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Cogn Psychol. 1994 Oct;27(2):194-226.

Constraints on learning in nonprivileged domains.

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Department of Psychology, Carnegie Mellon University, Pittsburgh, PA 15213.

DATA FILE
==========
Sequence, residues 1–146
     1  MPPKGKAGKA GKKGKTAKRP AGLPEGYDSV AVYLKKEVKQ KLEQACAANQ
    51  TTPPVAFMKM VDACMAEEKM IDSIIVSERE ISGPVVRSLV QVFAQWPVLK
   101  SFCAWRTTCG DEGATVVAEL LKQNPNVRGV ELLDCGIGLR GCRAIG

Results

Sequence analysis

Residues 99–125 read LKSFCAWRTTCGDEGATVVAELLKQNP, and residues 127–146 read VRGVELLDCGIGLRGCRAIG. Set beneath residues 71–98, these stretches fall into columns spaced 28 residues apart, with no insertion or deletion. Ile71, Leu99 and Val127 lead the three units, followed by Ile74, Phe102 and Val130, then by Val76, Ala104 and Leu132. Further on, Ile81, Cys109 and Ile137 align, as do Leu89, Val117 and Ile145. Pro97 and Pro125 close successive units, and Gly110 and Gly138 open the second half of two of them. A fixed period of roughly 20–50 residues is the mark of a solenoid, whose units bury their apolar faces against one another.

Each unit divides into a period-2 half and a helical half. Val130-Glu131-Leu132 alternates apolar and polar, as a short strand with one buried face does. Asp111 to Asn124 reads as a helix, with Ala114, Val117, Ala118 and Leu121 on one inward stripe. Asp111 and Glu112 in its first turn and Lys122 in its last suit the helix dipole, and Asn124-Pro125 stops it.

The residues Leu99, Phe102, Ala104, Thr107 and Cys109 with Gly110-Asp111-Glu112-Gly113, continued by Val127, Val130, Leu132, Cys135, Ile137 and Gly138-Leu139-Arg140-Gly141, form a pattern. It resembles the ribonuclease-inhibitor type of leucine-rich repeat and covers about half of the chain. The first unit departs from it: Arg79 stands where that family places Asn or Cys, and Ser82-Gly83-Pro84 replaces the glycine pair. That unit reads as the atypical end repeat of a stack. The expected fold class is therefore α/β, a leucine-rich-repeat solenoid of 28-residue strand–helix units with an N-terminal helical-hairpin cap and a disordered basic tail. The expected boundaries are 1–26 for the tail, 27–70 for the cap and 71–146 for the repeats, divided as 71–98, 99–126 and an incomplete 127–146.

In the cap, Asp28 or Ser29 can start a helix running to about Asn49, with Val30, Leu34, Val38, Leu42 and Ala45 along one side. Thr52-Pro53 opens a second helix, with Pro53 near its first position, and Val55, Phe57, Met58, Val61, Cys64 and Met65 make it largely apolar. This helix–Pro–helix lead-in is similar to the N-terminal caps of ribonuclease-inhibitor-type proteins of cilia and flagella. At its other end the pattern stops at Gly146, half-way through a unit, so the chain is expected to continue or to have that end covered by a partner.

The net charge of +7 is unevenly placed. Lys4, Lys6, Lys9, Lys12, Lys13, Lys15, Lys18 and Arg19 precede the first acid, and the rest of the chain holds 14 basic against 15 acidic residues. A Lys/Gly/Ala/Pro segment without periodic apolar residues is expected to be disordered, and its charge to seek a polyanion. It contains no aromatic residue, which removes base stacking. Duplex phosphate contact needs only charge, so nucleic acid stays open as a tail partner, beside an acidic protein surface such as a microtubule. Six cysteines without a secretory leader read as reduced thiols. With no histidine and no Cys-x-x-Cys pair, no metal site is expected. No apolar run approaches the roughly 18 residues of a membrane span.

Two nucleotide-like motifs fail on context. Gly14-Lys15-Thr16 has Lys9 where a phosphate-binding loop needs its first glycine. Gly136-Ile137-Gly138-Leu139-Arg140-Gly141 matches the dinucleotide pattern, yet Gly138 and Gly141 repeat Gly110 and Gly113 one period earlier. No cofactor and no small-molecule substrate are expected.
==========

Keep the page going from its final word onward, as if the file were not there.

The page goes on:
Constraints on learning, rather than being unique to evolutionarily privileged domains, may operate in nonprivileged domains as well. Understanding of the goals that strategies must meet seems to play an especially important role in these domains in constraining the strategies that are generated and in allowing children to evaluate strategies even before they use them. The present experiments showed that children can use their conceptual understanding to accurately evaluate strategies that they not only do not yet use but that are more conceptually advanced than the strategies they do use. In Experiment 1, 5-year-olds who did not yet use the min strategy for adding numbers judged it to be smarter than an equally novel illegitimate strategy, and to be just as smart as their typical strategy of counting from one. In Experiment 2, 9-year-olds who did not yet use the forking strategy to play tic-tac-toe judged it to be even smarter than their own win/block approach. The results demonstrated a large number of commonalities between the functioning of constraints in privileged and nonprivileged domains, as well as suggesting some possible differences.

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